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Over the last two years, courtesy of a once-a-century pandemic, government-mandated business closures, nationwide stay-at-home orders, and—unprecedented—disruptions to the global supply chain have illuminated, previously unknown, vulnerabilities across a whole host of industries. Would anyone have seriously questioned the viability of office space two years ago? Now, inflation, in keeping with the recent chaos, may be upending the viability of another tried-and-tested institution: the supply contract.

Supply contracts, a critical component of many retailers’ operations, have long provided certainty to both the vendors who supply goods and the retailers that sell them. Typically, supply contracts involve retailers purchasing and vendors selling goods at an agreed upon price and quantity. In recent memory, this agreement is a win-win. Both parties sacrifice a bit of optionality, in terms of haggling for lower or higher prices on a one-off basis, but, in turn, obtain a sense of security. Enter inflation.

While inflation is, like taxes, inescapable, current levels are beyond the market’s expectations. As a result, many of the prices vendors accepted in supply contracts may no longer be sufficient to break-even, much less profit. Vendors trapped in these economically unviable contracts may find salvation in the unlikeliest of places: bankruptcy.

Phoenix Services International LLC, a large provider of on-site steel mill services, filed for bankruptcy in the United States Bankruptcy Court for the District of Delaware on September 27, 2022.1 In his first-day declaration, Phoenix’s CFO notes that Phoenix’s most significant challenge is its customer contracts. Among other things, inflationary pressures appear to have rendered Phoenix’s customer contracts unsustainable, eating away at Phoenix’s liquidity. To this end, bankruptcy—often viewed as a “cure” worse than the disease—offers vendors, like Phoenix, a way to do what, likely, could not be done otherwise: renegotiate.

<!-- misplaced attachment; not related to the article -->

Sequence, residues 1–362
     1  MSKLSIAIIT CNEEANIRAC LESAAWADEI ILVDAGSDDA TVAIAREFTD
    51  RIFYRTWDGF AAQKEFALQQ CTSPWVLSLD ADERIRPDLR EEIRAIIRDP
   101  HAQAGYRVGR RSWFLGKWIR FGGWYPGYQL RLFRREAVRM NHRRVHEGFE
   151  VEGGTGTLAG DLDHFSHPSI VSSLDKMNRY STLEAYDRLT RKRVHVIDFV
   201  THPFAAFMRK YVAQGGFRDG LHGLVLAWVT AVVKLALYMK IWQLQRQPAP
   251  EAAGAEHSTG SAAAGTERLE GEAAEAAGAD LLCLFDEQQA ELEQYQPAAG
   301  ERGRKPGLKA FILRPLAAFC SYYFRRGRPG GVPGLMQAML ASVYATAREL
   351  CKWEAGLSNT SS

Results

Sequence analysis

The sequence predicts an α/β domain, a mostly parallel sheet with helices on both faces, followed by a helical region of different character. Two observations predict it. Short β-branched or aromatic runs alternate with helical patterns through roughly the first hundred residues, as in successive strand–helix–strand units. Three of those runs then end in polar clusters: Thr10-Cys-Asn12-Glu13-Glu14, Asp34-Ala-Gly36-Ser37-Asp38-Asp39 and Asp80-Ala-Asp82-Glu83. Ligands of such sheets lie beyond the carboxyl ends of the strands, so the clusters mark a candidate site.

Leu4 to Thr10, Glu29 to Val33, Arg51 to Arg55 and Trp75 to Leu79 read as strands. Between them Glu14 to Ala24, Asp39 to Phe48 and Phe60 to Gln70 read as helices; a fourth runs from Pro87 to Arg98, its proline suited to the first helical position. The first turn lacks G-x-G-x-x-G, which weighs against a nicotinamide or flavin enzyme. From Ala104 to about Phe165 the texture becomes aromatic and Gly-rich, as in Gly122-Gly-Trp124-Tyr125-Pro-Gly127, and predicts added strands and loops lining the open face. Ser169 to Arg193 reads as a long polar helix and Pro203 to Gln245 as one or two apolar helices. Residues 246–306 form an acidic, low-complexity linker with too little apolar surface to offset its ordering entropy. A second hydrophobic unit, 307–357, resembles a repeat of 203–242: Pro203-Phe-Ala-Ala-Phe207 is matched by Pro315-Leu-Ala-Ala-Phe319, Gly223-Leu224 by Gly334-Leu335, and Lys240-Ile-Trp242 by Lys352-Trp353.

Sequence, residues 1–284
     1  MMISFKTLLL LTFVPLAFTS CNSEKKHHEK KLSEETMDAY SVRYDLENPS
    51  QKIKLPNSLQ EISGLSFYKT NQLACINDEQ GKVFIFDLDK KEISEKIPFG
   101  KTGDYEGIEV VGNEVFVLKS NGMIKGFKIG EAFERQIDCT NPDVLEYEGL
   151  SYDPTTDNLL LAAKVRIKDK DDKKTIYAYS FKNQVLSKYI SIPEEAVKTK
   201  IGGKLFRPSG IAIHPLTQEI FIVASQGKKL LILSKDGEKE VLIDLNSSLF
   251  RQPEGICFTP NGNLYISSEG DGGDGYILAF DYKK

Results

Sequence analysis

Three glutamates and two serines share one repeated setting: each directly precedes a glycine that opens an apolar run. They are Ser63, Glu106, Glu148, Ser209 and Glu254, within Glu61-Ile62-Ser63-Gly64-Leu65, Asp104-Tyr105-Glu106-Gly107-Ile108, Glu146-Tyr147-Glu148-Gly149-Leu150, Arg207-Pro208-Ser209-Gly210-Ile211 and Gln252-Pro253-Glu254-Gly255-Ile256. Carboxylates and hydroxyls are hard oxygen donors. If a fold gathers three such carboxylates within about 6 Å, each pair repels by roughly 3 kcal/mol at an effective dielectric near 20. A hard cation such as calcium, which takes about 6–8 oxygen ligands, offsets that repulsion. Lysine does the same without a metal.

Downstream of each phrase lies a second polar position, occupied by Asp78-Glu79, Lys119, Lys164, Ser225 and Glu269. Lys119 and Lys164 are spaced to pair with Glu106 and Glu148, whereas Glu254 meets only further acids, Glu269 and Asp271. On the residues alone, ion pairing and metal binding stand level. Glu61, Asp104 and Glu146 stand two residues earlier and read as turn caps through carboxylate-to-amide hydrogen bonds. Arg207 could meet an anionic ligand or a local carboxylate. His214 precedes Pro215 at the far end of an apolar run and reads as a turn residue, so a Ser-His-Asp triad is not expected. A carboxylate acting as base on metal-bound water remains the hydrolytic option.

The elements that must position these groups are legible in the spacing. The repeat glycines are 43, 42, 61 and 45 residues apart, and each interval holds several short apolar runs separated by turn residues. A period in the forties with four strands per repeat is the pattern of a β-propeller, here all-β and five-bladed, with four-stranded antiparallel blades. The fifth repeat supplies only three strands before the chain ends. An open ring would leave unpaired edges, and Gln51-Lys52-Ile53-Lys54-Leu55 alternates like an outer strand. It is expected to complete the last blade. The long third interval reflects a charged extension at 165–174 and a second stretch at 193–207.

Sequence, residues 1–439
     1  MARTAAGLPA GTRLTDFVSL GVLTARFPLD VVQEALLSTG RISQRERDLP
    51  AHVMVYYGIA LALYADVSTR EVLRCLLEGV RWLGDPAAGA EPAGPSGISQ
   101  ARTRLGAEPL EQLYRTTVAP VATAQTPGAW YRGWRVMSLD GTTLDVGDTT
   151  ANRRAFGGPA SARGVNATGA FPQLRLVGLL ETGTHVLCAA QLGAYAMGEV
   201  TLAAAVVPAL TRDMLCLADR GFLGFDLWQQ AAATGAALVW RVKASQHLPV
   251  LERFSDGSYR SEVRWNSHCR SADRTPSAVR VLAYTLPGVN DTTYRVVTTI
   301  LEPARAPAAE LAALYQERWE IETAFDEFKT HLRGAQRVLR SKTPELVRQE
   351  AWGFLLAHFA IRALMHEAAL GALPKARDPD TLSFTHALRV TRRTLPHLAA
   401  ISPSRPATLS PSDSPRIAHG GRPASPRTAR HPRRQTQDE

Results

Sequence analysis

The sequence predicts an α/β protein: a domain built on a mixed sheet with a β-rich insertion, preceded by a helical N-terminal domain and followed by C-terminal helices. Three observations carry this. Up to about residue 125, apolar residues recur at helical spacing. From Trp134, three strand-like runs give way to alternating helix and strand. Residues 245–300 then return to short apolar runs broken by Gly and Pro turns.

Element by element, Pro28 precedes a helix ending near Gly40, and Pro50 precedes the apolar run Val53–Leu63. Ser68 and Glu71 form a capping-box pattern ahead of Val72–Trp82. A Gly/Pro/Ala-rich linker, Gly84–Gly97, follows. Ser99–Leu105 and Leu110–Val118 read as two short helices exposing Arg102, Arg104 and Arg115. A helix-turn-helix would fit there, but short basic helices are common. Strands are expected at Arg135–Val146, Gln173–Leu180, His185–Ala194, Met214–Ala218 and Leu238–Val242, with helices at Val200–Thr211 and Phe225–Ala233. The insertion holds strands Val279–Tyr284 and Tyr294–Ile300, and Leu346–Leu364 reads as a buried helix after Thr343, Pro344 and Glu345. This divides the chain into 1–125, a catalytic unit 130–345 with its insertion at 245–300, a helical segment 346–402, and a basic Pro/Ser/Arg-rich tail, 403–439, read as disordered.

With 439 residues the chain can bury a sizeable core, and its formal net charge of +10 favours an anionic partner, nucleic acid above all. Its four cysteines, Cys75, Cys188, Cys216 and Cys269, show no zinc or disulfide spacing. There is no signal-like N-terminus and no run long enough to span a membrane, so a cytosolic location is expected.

Section 365 of the bankruptcy code enables debtors to assume or reject executory contracts.2 While a debtor must “cure” defaults under an executory contract before assuming it, there is no such requirement for a debtor to reject an executory contract. Furthermore, rejection under section 365 amounts to a prepetition material breach of the contract, giving the counterparty a claim for damages, which, almost invariably, is paid in “bankruptcy dollars,” as opposed to “real dollars.” This ability to, unilaterally, terminate, at minimal if not de minimis cost, an otherwise binding, but unsustainable, supply contract offers a troubled vendor something critical: leverage.

Without section 365, these vendors’ counterparties would have no incentive to renegotiate these, now negative value, supply contracts. The ability to reject these supply contracts, however, creates leverage such that counterparties may willingly renegotiate at prices that may be below market, but are significantly higher than the initial, unsustainable price. After all, counterparties who refuse to “play ball” may have these crucial supply contracts rejected, for often de minimis breach payments, and then be forced to renegotiate, on equal footing, these critical agreements.

Whether Phoenix’s filing will be indicative of a larger trend remains to be seen, but one thing is clear: Both retailers whose contract-counterparties may use bankruptcy to force renegotiation, and vendors currently entering into supply agreements should consider inflation and how it might impact current or prospective supply contracts.

1 In re Phoenix Services Topco LLC, et al., 1-22-BK-10906(MFW), (Bankr. D. Del. 2022).

2 11 U.S.C. § 365.